Searchable abstracts of presentations at key conferences in endocrinology
Endocrine Abstracts (2014) 35 P166 | DOI: 10.1530/endoabs.35.P166

1Institute of Endocrinology, Lithuanian University of Health Sciences, Kaunas, Lithuania; 2Out-patient Clinic Kauno Kalnieciu Poliklinika, Kaunas, Lithuania.

The aim of the study was to evaluate vitamin D levels in Lithuanian male military conscripts and its association with PTH, osteocalcin and testosterone, body muscles and LBM percentage, as well as depression–sadness, tension–anxiety and psychological and physical quality of life.

Methods: A total of 262 healthy Lithuanian male military conscripts were tested for vitamin D, PTH, osteocalcin and testosterone concentration and 155 (59.2%) of them we rechecked 1 year later. Paralleled body composition was performed by the principle of bioelectrical impedance and evaluation of emotional state (POMS) as well as quality of life. Results. Primary vitamin D deficiency (<20 ng/ml) was detected in 95.0 and 96.7% when rechecked. The mean concentration of vitamin D was 12.5±4.5 and 10.4±4.9 ng/ml 1 year later. Nevertheless, PTH (2.54±1.23 pmol/l) and osteocalcin (38.9±11.9 ng/ml) concentration when checked and rechecked (2.70±1.10 pmol/l and 40.4±12.8 ng/ml, respectively) were in normal ranges. Spearman’s rank order correlation (r=−0.2; P=0.02) between vitamin D and PTH was detected when rechecked at the end of military service. At the end of the study, vitamin D concentration correlated with muscles (r=0.2; P=0.03) and LBM percentage (r=0.2; P=0.04), and the mean testosterone concentration was significantly (P=0.025) lower in severe vitamin D deficiency (<10 ng/ml) if compared with moderate (10–20 ng/ml) – 16.7±4.13 and 18.6±5.08 nmol/l, respectively. Vitamin D concentration correlated negatively with tension–anxiety (r=−0.14; P=0.03) and depression–sadness (r=−0.19; P=0.03) and positively with quality of life: Physical health (r=0.27; P=0.0009) and psychological health (r=0.29; P=0.0005).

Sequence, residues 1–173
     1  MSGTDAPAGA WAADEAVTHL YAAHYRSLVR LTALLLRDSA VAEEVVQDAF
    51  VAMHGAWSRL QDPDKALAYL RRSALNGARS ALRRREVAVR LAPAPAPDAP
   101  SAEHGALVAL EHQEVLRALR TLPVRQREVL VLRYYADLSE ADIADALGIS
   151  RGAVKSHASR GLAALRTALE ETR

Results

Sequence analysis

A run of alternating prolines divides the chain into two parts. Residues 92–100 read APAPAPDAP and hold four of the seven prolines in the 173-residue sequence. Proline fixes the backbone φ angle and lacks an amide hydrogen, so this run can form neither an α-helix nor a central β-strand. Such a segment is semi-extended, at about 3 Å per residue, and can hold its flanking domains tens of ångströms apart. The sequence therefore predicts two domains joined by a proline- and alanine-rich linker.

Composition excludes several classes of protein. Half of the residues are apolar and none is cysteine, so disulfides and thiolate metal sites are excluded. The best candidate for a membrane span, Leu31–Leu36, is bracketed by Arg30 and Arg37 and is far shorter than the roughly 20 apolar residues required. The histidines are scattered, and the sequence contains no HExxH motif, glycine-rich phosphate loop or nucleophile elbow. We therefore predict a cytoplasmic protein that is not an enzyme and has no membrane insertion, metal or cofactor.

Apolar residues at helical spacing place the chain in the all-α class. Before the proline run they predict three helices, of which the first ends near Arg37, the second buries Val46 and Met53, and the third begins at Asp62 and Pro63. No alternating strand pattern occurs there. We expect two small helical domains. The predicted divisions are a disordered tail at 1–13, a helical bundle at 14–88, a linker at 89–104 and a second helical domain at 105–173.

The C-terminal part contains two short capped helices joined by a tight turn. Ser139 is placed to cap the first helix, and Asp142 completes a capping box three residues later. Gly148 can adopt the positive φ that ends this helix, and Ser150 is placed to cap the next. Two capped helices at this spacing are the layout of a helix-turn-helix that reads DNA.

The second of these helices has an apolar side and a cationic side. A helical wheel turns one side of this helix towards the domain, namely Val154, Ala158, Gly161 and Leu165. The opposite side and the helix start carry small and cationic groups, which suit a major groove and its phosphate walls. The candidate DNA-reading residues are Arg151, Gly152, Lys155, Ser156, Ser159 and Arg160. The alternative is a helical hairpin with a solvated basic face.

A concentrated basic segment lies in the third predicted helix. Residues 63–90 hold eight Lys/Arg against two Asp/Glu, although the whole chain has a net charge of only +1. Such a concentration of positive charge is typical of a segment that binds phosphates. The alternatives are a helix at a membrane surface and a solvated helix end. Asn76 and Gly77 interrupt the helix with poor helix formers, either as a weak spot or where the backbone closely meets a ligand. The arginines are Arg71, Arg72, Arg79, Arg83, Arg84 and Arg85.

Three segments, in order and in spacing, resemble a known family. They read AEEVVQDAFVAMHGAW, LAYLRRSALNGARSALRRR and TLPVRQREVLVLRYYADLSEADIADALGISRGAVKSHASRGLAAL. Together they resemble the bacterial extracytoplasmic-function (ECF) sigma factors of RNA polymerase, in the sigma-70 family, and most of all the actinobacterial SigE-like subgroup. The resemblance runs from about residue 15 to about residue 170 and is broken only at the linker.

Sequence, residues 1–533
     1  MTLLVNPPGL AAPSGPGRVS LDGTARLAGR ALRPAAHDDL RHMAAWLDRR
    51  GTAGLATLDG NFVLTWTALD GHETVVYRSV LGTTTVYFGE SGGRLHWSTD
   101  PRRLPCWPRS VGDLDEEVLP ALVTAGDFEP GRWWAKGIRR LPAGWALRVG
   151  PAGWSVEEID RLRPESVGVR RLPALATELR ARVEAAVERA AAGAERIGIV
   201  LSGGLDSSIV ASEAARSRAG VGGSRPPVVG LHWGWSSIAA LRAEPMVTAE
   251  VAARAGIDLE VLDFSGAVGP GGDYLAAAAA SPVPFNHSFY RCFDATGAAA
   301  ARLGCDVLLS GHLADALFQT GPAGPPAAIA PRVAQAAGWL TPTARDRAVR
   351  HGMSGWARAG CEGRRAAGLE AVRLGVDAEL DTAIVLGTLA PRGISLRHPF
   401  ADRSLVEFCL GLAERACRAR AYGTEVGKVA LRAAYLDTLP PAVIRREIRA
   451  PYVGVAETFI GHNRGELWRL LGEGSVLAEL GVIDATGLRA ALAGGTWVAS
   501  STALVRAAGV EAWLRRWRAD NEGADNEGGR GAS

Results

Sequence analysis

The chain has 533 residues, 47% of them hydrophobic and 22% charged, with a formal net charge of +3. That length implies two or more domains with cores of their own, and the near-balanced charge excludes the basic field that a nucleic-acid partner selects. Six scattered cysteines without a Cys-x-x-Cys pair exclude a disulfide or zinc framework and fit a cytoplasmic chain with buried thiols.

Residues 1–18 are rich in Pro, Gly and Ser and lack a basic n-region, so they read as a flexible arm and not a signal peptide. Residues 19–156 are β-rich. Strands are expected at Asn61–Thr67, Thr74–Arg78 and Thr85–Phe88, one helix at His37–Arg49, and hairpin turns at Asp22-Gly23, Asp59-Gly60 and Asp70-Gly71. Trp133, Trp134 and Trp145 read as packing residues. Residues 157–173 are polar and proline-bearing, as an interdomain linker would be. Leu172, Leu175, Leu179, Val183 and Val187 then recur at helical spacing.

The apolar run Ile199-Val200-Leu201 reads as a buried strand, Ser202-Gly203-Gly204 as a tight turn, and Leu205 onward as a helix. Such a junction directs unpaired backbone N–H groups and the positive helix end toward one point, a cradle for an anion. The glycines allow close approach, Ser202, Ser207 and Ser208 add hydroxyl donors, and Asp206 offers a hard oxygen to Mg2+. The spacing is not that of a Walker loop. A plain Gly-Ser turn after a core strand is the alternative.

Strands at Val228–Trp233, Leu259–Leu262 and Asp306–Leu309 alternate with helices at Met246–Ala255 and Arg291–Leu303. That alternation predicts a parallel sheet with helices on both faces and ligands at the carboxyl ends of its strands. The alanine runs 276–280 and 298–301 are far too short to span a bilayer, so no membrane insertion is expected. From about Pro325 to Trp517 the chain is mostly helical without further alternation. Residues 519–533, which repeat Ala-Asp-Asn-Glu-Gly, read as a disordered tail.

Conclusion: The majority of the Lithuanian male military conscripts were detected to have vitamin D concentrations, corresponding severe deficiency. The greater vitamin D deficiency at the end of the study resulted in significant increase in PTH concentration; however, there were no significant changes in the osteocalcin concentration. More severe vitamin D deficiency at the end of the study significantly correlated with a smaller amount of body muscles and LBM percentage and decreased testosterone concentration. A lower vitamin D concentration conditioned depression–sadness and tension–anxiety as well as decreased psychological and physical quality of life.

Article tools

My recent searches

No recent searches.